Adam Posen, an expert advisor to the US Congress and an influential member of the Bank of England’s monetary policy committee, is urging governments on both sides of the Atlantic to print more money to rescue the economy from impendng disaster.
In the US, Obama is preparing for mid-term elections in November and Posen’s particular worry is about the political consequences of economic collapse. He told a business audience in Hull, England, he said: “Let us not forget that it was sustained high unemployment and austerity, the sense that governments were unresponsive to average people’s dire economic conditions, which led to the rise of extremist intolerant parties in pre-war Europe”.
Posen is right to be worried. The global economy is in its deepest crisis in the wake of conventional and unconventional measures by governments and central banks. Negative interest rates, bailing out bankrupt banks, huge injections of credit borrowed from the money markets, and QE (quantitative easing) – aka printing money – had only a limited, temporary effect. Now it’s game over. Every country is sliding back into recession.
As these conditions mature, they shape the politics of the parties in and aspiring to power, as Posen rightly warns. You can see it in new leader Ed Miliband’s first speech as he sets out to make the British Labour Party acceptable to its capitalist masters. “Growth is our priority,” he declaimed, and “true patriotism is about reducing the debt burden we pass on to our kids.” Makes the hairs on the back of your neck stand up very straight. Or it should do.
So those who express the fear that history will repeat itself, that we’ll see a return to the long depression of the 1930s and the extension of Japan’s continuing 20-year slump to the rest of the world, are getting a hearing.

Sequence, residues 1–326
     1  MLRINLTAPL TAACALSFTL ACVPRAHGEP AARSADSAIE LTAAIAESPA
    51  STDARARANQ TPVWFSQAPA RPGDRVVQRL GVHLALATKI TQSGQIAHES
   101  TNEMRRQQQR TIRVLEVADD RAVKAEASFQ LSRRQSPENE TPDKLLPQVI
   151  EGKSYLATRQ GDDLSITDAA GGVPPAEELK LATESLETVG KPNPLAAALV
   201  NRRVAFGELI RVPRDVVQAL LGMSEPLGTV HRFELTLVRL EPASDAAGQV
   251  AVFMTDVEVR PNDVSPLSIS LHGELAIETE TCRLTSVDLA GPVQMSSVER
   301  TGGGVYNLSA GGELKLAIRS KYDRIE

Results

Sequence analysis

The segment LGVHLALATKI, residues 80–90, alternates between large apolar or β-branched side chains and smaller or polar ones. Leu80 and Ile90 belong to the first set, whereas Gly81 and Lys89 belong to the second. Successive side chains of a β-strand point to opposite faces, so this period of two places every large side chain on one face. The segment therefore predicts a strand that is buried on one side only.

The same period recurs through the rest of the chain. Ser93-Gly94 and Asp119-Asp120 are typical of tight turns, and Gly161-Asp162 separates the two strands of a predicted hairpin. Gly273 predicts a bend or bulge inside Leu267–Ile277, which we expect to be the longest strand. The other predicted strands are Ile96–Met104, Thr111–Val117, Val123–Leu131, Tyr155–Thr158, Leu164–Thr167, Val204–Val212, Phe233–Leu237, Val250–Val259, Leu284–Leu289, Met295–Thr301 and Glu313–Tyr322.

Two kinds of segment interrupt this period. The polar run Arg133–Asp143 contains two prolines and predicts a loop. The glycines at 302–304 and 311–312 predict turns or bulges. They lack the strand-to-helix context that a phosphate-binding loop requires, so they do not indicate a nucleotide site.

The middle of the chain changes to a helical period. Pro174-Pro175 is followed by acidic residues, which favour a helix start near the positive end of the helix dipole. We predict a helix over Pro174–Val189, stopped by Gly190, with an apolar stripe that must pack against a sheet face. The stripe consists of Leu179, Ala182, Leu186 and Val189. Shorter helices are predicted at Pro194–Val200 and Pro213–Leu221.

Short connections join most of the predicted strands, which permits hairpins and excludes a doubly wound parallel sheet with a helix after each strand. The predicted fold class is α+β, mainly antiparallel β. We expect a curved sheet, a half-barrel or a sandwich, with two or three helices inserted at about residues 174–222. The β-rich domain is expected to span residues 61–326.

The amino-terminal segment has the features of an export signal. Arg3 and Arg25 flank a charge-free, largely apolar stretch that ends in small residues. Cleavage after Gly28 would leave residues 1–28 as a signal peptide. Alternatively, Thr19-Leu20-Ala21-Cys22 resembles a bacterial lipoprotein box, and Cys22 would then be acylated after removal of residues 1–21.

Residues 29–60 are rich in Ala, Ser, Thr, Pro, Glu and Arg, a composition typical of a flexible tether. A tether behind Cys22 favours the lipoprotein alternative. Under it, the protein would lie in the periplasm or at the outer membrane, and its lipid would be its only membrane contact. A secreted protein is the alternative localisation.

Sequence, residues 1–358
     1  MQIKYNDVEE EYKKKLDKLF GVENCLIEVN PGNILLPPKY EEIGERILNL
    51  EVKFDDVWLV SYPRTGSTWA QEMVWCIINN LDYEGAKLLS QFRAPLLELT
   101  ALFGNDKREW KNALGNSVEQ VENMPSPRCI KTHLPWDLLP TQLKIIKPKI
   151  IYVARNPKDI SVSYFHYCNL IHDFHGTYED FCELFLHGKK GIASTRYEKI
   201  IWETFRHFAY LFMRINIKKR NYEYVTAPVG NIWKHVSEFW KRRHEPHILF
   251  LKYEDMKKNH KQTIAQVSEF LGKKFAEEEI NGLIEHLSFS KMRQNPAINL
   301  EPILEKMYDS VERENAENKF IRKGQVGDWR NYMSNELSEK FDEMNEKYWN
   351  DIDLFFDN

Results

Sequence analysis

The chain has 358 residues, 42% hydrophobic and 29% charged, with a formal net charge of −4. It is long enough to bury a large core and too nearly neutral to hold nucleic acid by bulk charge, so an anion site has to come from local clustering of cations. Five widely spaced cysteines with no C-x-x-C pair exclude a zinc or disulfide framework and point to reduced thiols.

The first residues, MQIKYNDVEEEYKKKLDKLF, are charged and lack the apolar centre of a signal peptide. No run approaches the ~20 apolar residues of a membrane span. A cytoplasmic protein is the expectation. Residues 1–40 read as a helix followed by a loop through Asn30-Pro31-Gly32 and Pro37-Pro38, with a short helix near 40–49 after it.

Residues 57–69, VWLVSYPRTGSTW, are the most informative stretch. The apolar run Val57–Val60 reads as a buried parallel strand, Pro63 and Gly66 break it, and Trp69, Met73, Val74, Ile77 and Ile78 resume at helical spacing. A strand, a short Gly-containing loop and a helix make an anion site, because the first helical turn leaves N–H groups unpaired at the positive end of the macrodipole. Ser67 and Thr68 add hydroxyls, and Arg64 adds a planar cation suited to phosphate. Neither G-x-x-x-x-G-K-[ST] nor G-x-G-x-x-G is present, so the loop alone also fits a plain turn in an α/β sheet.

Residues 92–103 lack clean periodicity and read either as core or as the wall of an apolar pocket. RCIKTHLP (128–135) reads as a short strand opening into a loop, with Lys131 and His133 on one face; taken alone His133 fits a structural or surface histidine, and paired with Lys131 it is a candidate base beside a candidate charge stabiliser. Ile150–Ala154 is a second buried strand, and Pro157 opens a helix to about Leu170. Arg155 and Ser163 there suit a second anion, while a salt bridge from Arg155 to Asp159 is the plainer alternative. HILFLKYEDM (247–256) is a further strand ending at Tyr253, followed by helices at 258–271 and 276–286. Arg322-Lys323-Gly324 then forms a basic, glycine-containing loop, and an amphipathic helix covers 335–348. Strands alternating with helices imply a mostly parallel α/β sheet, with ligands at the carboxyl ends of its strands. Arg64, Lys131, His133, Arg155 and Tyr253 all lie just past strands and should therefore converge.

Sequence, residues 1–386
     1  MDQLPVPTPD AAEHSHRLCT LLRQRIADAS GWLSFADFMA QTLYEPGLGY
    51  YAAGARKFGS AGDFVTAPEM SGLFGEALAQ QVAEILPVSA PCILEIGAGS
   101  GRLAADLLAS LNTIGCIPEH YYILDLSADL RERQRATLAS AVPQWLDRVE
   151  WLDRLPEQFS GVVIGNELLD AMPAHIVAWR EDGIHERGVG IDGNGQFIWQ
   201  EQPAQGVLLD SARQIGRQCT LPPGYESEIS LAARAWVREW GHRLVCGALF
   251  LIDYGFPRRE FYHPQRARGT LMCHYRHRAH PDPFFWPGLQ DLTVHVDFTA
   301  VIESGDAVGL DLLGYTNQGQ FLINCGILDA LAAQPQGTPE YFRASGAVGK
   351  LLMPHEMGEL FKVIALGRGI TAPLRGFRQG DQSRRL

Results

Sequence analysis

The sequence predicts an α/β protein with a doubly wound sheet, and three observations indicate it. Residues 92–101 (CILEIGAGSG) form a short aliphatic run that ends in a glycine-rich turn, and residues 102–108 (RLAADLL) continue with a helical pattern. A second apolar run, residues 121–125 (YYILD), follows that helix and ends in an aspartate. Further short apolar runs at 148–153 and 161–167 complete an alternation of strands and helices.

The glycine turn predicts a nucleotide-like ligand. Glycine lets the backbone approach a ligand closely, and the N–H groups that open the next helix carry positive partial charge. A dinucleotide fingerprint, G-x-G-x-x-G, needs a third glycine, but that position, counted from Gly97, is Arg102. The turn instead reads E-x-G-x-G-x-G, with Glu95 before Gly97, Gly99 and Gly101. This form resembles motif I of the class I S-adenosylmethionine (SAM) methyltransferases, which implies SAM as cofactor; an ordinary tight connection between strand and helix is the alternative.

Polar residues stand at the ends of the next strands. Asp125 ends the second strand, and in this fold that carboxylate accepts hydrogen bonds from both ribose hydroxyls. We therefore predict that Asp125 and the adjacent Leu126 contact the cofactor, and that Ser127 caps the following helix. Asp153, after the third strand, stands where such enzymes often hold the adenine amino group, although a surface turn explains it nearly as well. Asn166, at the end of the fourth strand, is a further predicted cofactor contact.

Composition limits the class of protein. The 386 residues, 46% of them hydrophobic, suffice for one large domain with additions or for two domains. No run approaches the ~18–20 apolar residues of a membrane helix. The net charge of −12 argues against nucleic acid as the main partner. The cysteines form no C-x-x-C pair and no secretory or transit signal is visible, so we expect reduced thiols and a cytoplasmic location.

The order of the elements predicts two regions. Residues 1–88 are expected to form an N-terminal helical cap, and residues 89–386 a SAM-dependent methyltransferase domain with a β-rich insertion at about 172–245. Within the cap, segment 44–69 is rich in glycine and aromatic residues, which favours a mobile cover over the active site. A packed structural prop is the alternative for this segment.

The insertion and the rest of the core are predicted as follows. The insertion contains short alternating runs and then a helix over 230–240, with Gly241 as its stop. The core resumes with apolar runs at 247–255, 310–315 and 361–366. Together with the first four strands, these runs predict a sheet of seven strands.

But there are more strident voices with different, opposed messages. Among them is Liam Halligan, economics editor of the Sunday Telegraph, and chief economist at Prosperity Capital Management, which is a major shareholder in some of the leading companies in Russia, Ukraine and Central Asia.
Halligan first made his mark in the 1990s. As Wikipedia puts it he “was heavily involved in the Russian government’s attempts to stabilise the country’s nascent post-Communist economy”. You might say Halligan turns the old phrase inside out – he puts his mouth where his money is.
Halligan wrote this attention-getting paragraph in his populist weekend column for the Telegraph: “Now, the Western world's policy response amounts to printing money and heaping debts upon debts, while shoving the banking sector's losses on to the general public – and, particularly, their children and grandchildren. This is perhaps the most systematic act of inter-generational theft the world has ever seen. But that's not the point – at least for now. The point for now is that QE and the related fiscal boosts simply are not working.”
Halligan ends his piece warning about the debasement of currencies and calls on Western governments to get tough. His prescription, borrowed from Simon Johnson, a former chief economist of the International Monetary Fund is “to break the financial oligarchy that is blocking essential reform.”
There’s a horrible truth in what Posen and Halligan have to say. The capitalist system at war with itself. The state is in conflict with finance capital which has successfully resisted re-regulation against a backdrop of a global sovereign debt crisis, which the printing of more money can only deepen.
Far from being part of the solution, Ed Miliband and the trade union bureaucrats who got him elected are the problem when it come to mounting serious opposition to Lib-Con cuts and the recession. They are for rescuing the system at any price.
Trade unionists are marching in Brussels today against Euro-wide budget cuts, while a general strike is taking place in Spain. The growing anger of working people deserves a leadership that will go beyond limited actions to settling accounts once and for all with the real problem – the maddened system of capitalism itself.